We face a skills crisis across the UK technology market. Whether you believe the skills businesses need are in the wrong place, or that talent pools simply don't exist, there is huge pressure placed on the careers market.
Let's take data science as an example. In the US, there are projected to be 150,000 unfilled vacancies—IBM predicts demand to grow by 28 percent by 2020. the Information Security sector alone as 600,000 unfilled jobs. Relying on our existing routes into Science, Technology, Engineering, and Math (STEM) roles (including project management) is not an option. The pipeline is bust.
The problem is compounded by the way companies seek to acquire talent. When a business increases their talent acquisition, they engage in-house and external recruiters by giving them a very narrow field within which to search; Prince2 or Agile, and commercial experience delivering projects to a limited budget. This is an entirely traditional view of the talent that business needs.
The situation is then made worse by a collective abdication of responsibility from industry to train new skills. When start-ups are asked why they don't hire diverse pools of candidates, the reasons provided usually direct to lack of available bandwidth to hand-hold junior staff, whilst businesses claim pressure from senior management to deliver against targets. There is a serious lack of ownership and growing talent pool.
This is quite unfortunate because project management provides a clear opportunity to welcome diverse talent into STEM roles from other walks of life.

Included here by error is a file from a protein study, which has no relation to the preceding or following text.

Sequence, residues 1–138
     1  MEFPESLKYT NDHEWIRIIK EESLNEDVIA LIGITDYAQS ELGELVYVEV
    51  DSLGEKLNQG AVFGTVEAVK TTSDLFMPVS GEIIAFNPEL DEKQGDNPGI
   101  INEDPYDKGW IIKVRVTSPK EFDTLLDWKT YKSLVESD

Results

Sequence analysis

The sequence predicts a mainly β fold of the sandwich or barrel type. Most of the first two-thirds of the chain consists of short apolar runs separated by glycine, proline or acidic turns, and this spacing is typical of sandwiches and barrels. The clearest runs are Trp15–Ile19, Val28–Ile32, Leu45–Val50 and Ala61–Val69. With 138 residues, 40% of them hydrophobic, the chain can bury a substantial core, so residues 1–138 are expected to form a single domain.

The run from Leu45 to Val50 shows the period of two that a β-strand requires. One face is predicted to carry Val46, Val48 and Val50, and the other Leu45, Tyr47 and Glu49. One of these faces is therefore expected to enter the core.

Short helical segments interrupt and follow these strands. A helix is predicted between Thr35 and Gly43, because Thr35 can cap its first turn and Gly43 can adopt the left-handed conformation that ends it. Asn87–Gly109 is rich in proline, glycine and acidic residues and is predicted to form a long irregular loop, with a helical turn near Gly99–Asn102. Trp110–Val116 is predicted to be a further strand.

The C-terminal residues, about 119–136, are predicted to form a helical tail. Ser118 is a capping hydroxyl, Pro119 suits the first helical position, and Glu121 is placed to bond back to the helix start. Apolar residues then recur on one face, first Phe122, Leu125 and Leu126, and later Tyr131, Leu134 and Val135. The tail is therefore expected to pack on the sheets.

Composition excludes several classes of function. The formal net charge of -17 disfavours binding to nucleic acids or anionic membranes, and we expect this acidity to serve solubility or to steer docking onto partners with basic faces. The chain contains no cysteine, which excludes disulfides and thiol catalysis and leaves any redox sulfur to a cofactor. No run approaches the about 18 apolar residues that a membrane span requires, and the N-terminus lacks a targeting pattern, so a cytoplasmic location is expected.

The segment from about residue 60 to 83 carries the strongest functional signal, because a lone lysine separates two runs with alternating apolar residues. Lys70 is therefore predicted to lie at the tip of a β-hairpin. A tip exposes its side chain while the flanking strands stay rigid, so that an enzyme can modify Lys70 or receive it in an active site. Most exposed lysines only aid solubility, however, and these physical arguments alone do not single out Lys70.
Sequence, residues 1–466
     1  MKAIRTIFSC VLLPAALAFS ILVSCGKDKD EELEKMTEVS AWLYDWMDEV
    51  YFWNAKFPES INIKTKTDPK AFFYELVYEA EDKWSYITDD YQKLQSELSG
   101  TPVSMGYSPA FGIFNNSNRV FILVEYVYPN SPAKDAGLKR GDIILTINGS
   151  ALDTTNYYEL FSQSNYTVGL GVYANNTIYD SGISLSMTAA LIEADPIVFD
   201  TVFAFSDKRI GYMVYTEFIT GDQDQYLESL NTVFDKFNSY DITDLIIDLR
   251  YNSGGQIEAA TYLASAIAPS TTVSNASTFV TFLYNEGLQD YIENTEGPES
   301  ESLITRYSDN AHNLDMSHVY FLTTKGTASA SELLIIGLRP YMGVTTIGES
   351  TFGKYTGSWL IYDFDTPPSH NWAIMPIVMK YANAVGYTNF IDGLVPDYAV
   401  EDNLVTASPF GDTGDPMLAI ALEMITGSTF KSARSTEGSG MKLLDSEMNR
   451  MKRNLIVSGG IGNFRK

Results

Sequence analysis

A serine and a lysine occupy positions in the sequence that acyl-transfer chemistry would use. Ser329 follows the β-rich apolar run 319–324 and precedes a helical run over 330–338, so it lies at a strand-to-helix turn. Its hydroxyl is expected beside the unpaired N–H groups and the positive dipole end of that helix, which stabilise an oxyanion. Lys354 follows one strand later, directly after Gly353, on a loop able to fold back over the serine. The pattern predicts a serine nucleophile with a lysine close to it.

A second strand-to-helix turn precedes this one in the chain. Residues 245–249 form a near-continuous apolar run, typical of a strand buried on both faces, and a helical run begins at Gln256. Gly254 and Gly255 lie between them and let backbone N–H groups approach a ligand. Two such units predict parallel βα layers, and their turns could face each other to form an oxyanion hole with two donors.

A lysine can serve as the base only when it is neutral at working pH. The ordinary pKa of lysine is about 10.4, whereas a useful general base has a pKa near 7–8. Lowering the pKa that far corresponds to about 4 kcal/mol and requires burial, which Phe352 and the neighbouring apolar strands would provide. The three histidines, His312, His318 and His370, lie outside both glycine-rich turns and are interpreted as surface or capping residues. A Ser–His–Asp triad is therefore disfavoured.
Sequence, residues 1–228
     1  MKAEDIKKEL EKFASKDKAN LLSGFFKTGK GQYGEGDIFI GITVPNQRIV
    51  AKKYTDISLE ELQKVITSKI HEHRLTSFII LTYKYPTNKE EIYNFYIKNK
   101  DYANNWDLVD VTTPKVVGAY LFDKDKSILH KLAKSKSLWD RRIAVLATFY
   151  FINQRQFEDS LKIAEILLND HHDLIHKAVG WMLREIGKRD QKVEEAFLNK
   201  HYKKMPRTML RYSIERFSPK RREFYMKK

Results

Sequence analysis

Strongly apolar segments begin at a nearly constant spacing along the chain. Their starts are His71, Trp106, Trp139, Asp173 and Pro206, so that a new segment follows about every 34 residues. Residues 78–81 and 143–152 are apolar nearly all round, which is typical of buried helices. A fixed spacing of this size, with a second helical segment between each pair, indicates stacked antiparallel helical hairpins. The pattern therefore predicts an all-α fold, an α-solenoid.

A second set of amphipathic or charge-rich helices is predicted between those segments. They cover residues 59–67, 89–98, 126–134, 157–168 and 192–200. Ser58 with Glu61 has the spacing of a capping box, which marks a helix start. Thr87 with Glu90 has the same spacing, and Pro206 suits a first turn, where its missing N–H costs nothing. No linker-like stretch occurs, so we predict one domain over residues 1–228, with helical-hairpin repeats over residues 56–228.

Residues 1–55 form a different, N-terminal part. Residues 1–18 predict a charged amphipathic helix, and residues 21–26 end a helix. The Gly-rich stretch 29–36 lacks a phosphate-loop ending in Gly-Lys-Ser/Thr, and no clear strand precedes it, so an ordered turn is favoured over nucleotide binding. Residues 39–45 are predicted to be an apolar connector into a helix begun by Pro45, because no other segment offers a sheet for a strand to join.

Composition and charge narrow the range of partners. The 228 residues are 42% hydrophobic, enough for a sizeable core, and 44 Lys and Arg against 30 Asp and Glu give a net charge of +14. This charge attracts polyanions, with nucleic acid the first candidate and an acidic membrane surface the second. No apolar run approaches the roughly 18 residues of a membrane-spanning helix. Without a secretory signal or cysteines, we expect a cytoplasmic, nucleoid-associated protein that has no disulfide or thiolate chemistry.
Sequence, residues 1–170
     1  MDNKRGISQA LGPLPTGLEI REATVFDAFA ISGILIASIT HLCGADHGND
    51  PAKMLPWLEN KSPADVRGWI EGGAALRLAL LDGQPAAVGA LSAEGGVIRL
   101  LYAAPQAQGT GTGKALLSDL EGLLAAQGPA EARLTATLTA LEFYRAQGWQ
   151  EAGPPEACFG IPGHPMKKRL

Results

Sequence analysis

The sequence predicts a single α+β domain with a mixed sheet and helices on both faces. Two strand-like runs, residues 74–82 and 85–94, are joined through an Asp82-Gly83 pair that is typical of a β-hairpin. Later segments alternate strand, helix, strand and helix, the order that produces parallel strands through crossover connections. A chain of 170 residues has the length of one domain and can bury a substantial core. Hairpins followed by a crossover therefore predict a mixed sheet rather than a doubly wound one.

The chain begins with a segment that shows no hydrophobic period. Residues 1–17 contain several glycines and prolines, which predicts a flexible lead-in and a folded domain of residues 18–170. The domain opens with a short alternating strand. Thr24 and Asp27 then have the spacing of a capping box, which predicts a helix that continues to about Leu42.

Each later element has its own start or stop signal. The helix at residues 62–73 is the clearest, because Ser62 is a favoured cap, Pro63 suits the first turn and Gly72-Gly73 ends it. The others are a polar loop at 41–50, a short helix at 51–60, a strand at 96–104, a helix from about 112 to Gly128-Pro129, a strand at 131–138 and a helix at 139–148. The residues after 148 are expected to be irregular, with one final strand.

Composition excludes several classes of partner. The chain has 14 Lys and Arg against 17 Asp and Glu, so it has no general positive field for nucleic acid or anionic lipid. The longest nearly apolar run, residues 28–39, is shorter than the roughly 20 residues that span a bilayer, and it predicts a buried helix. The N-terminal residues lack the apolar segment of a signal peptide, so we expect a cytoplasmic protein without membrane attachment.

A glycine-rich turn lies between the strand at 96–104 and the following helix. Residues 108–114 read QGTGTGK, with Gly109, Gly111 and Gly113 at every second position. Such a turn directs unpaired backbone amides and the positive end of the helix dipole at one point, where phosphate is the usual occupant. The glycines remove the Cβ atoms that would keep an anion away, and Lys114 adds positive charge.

My wife trained to be an actress. When we met eight years ago she was treading the boards in the West End. She had been in TV, on radio, and multiple stage productions. The West End show was a big-budget production of The Tempest, starring Oscar-nominee Ralph Fiennes. Then she was struck down by illness and couldn't commit to a new show for over a year. Sadly, in the acting profession, a single industry such as that is enough to kill a promising career. She was left pondering about her future.
I encouraged her to apply for a role as a project coordinator. She questioned my judgement, citing a lack of experience. But what skills do you need for project management? The ability to handle challenging personalities, and work under pressure as part of a team to a tight-deadline. Try appearing in two shows a day with actors harboring big egos, in-front of a packed theatre for three months. So, if she could handle that tough environment, then she could by all means thrive in a project management environment.
When she got the role she discovered that a senior colleague was a former member of the Women's Tennis Association (WTA) tour, and a childhood friend of the Spanish professional tennis player, Rafael Nadal. She'd trained hard for years to make the grade as a professional sports woman only to have her career snatched away by injury.
I am aware of other similar examples, such as the former head of British Airways cabin services team. The person had no previous technology sector experience, and no project management methodology understanding. Now this individual is a C-level executive within the industry and a strong proof that a wider appreciation of skills can solve our crisis.
Recently I met the founder of a company called MeVitae, Riham Satti. She explained that data and machine learning (ML) could be used to find relatable skills. Where a hiring manager or recruiter might spot the relevance of certain previous experiences, machine intelligence could look past that bias.
The technology works to actively widen that scope of what could be considered for an open role. In my experience, with over decade of hands-on recruitment experience, my wife's experience is rare and wholly reliant on a very deep level of trust between managers and suppliers. That is not a scalable model. ML and data can work to remove the inherent bias in that process towards a shrinking, expensive talent pool, and a project management role can help to usher a new generation of diverse talent onto STEM career pathways.